Marin’s county and municipal governments should do more to protect themselves from cyberattacks, according to a new report by the Marin County Civil Grand Jury.
The county government lost almost $250,000 in a wire fraud scheme in 2018, and its computer network was breached at least five times in the past three years, the report says.
The grand jury also noted that more than half of Marin’s 11 cities and towns have fallen victim to financial fraud and network breaches, including Corte Madera, Fairfax, Larkspur, Novato, Sausalito and Tiburon. Most of those incidents were not reported to the public.
After the 2018 scheme, which targeted Marin County’s finance department, the county implemented new practices to fortify its network security, the grand jury said. The county “now has a well-developed approach to cybersecurity and a robust architecture and strategy for avoiding attacks,” the report says.
However, it adds, “There is more that the county government can do to ensure the security of its systems.”
The report says common cyberbreaches include ransomware attacks, when a hacker crashes a computer system and demands money to restore it, and phishing, when a hacker sends a message designed to trick the recipient into giving out a password or other sensitive information. Stolen passwords can be used to steal private data or disrupt a computer system.
Such attacks have the potential to cost taxpayers millions of dollars, and Marin’s governments should strengthen their online security measures in order to prevent them, the report says. An attack on the municipal government’s computer network in Baltimore last year cost the city an estimated $18 million, the grand jury noted. Small towns can be at an even greater risk.
“Hackers know that smaller municipalities can be easy targets because of inadequate network protections and spotty adherence to best cybersecurity practices,” the report says.
The grand jury urged Marin County to take a lead role in sharing cybersecurity tips with the cities and towns. The report suggests that each municipality hold an annual discussion about its security measures, and when a breach occurs, it should be announced publicly. Marin’s government agencies should also share cybersecurity services to keep costs low, it says.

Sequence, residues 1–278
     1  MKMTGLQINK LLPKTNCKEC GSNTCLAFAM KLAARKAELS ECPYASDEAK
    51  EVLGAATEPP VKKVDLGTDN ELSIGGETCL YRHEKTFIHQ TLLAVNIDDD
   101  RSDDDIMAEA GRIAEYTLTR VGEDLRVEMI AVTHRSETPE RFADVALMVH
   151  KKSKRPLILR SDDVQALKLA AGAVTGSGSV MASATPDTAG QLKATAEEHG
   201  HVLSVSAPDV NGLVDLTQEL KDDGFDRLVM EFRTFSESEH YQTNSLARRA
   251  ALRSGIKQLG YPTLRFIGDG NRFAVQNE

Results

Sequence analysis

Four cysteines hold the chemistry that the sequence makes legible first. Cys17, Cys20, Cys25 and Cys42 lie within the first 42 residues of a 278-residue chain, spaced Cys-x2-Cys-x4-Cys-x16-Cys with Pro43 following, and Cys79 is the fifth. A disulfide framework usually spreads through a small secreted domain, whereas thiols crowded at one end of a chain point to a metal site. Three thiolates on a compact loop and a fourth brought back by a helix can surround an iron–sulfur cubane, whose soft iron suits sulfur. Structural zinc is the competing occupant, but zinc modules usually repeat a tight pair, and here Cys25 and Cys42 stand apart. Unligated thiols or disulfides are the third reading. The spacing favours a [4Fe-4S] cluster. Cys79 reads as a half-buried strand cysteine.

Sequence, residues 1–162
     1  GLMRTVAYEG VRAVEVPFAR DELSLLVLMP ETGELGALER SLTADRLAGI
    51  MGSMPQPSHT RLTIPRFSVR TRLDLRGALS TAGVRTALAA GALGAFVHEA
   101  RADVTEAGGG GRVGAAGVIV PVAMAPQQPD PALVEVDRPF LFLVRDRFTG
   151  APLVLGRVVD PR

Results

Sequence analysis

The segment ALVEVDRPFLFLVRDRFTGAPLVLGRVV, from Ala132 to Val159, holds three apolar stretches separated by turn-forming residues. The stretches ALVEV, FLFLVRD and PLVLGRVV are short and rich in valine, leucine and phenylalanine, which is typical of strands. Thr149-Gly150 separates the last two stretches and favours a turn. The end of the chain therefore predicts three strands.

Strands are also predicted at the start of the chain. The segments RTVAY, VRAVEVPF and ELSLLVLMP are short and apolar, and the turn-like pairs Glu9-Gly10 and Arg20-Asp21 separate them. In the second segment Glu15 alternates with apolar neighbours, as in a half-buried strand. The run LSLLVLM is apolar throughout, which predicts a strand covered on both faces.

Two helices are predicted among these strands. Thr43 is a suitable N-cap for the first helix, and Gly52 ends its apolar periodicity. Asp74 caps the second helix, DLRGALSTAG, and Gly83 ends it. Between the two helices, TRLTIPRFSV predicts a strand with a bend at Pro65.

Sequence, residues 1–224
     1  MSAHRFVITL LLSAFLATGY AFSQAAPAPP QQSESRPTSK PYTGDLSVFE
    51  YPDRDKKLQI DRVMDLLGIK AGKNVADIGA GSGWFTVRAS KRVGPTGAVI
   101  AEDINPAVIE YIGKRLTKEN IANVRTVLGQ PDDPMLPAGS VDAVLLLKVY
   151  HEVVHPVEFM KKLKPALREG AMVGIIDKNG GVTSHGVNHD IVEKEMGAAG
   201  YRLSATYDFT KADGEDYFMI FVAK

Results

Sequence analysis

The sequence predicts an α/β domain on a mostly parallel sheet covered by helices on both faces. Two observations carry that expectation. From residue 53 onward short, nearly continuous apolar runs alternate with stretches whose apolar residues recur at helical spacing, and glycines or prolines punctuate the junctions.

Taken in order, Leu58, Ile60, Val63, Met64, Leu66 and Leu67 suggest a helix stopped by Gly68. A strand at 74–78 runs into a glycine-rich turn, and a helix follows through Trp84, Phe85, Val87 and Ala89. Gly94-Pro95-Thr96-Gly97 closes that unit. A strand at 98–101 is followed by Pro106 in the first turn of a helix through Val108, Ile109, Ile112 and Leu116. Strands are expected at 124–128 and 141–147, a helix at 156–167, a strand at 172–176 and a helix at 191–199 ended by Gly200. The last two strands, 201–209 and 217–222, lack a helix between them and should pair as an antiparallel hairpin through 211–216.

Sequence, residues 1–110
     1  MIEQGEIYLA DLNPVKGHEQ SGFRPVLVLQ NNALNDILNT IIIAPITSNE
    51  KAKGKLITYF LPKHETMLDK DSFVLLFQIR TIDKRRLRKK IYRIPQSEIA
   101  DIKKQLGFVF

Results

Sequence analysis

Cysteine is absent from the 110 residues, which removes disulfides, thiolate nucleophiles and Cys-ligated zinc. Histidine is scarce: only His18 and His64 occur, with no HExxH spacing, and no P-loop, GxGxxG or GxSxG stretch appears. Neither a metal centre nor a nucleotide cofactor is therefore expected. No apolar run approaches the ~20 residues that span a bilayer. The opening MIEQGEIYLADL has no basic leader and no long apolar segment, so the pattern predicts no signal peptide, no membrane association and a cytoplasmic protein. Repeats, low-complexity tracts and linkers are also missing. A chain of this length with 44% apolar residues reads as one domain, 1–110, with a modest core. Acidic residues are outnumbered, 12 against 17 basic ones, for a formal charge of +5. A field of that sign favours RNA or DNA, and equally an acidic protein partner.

Marin County’s technology specialists regularly meet with representatives from other California counties to share cybersecurity practices and protocols, said Jason Balderama, the county’s chief information security officer.
“Marin is certainly open to expand our information sharing with the cities and towns,” he said.
The report suggests that municipalities adopt several security practices, including requiring strong passwords that must be frequently changed, regularly backing up data and installing antivirus software.
With many municipal employees working remotely during the coronavirus pandemic, it’s become a crucial time for governments to focus on cybersecurity, said Corte Madera Mayor Eli Beckman.
“A lot of vulnerabilities come up when you’ve got workers trying to access a system remotely,” he said.
According to the grand jury report, a hacker disabled Corte Madera’s computer network in 2019 during a brief moment when the town’s firewall had been intentionally turned off for a system update. No ransom was paid, according to the report, but the system had to be restored from a backup.
Cybersecurity is “a constantly evolving thing that we’re always working on,” Beckman said. “It’s an integral part of good governance in the 21st century.”
The civil grand jury, an independent investigative panel empowered by the local judiciary, posts its reports online.
(c)2020 The Marin Independent Journal. Distributed by Tribune Content Agency, LLC.